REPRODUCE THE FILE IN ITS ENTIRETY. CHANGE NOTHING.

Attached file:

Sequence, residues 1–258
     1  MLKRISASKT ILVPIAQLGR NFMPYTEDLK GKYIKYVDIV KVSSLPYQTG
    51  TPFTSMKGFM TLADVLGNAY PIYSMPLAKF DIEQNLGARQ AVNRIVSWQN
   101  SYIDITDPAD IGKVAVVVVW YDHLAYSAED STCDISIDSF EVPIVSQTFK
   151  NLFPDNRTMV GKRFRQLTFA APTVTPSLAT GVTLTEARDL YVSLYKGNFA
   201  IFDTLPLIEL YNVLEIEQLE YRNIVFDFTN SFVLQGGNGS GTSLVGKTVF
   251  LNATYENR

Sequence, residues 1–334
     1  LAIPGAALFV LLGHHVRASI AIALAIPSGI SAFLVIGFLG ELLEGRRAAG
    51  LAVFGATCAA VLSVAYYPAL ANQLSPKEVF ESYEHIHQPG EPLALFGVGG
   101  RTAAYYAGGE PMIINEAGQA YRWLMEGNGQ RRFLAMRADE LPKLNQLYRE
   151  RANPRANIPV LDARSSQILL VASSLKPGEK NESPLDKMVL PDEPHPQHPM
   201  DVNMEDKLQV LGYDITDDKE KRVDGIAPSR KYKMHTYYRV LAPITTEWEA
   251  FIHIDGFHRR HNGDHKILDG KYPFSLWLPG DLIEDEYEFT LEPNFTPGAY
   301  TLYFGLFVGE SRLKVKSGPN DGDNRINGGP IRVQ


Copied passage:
Sequence, residues 1–258
     1  MLKRISASKT ILVPIAQLGR NFMPYTEDLK GKYIKYVDIV KVSSLPYQTG
    51  TPFTSMKGFM TLADVLGNAY PIYSMPLAKF DIEQNLGARQ AVNRIVSWQN
   101  SYIDITDPAD IGKVAVVVVW YDHLAYSAED STCDISIDSF EVPIVSQTFK
   151  NLFPDNRTMV GKRFRQLTFA APTVTPSLAT GVTLTEARDL YVSLYKGNFA
   201  IFDTLPLIEL YNVLEIEQLE YRNIVFDFTN SFVLQGGNGS GTSLVGKTVF
   251  LNATYENR

Sequence, residues 1–334
     1  LAIPGAALFV LLGHHVRASI AIALAIPSGI SAFLVIGFLG ELLEGRRAAG
    51  LAVFGATCAA VLSVAYYPAL ANQLSPKEVF ESYEHIHQPG EPLALFGVGG
   101  RTAAYYAGGE PMIINEAGQA YRWLMEGNGQ RRFLAMRADE LPKLNQLYRE
   151  RANPRANIPV LDARSSQILL VASSLKPGEK NESPLDKMVL PDEPHPQHPM
   201  DVNMEDKLQV LGYDITDDKE KRVDGIAPSR KYKMHTYYRV LAPITTEWEA
   251  FIHIDGFHRR HNGDHKILDG KYPFSLWLPG DLIEDEYEFT LEPNFTPGAY
   301  TLYFGLFVGE SRLKVKSGPN DGDNRINGGP IRVQ